The Cenozoic (65.5 Ma- present) era comprises three periods: Paleogene (65.5-23 Ma), Neogene (23-2.588 Ma), and Quaternary (2.588 Ma- present). The extinction of the dinosaurs provided the opportunity for mammals to flourish during this era. The temperature trends during this era are towards a drying and cooling trend, ending in the final period of Quaternary glaciations. Humans evolved during the Quaternary period; about 2 million years ago (2,000,000) hominids were sharpening rocks to use as tools and about twenty five thousand years ago (25,000) Homo sapiens began to spread throughout the globe.
Much of the geological history of the earth is expressed as movement of geological plates across the molten interior of the earth. The motion of the earth’s lithosphere is described by the field known as plate tectonics. (Figure 1.3). Movements Earth’s plates has led to different configurations and positions of the continents over the past 600million years.
Figure 2.3 Geological Plates. Public Domain.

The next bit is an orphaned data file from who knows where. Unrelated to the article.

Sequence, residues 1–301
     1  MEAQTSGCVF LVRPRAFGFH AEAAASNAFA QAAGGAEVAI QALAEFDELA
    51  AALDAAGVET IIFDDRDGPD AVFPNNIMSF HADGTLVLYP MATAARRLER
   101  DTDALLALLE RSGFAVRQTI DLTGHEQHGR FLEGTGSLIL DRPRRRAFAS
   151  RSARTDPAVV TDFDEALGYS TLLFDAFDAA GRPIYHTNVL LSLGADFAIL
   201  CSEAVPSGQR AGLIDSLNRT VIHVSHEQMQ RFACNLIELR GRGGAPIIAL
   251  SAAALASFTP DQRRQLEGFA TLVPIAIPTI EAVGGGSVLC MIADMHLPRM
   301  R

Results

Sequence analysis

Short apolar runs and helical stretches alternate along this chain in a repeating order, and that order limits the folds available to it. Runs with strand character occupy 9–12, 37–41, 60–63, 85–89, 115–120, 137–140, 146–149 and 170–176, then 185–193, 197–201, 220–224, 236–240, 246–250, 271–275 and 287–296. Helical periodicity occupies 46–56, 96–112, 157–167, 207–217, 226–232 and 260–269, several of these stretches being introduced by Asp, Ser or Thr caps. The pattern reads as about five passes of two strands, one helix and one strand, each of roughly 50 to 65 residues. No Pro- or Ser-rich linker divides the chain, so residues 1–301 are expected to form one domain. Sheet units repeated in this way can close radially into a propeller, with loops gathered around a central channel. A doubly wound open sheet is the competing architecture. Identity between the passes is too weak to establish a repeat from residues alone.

Where the edges of these plates meet one another (Figure 2.4) enormous power is generated resulting sometimes in large scale events such as volcanic eruptions, earthquakes and associated phenomena such as tsunamis and climate disruption. The Pacific Ring of Fire is a subduction zone; an area around which oceanic plate often descends beneath continental plate causing dramatic seismic activity that is sometimes observed at the surface.
A geographical position within the Pacific Ring of Fire helps to explain why locations such as Japan, Philippines and San Francisco in the US as well as Western South America are so prone to geological disturbance (identify their positions in Figure 2.5) 90% of earthquakes occur in this region of high seismic activity (National Geographic, 2015).
Despite Malaysia’s positioning relative to the Ring of Fire, Malaysia has only one potentially active volcano (see Figure 2.6) Bombalai, situated in North East Borneo (Tahir et al, 2010).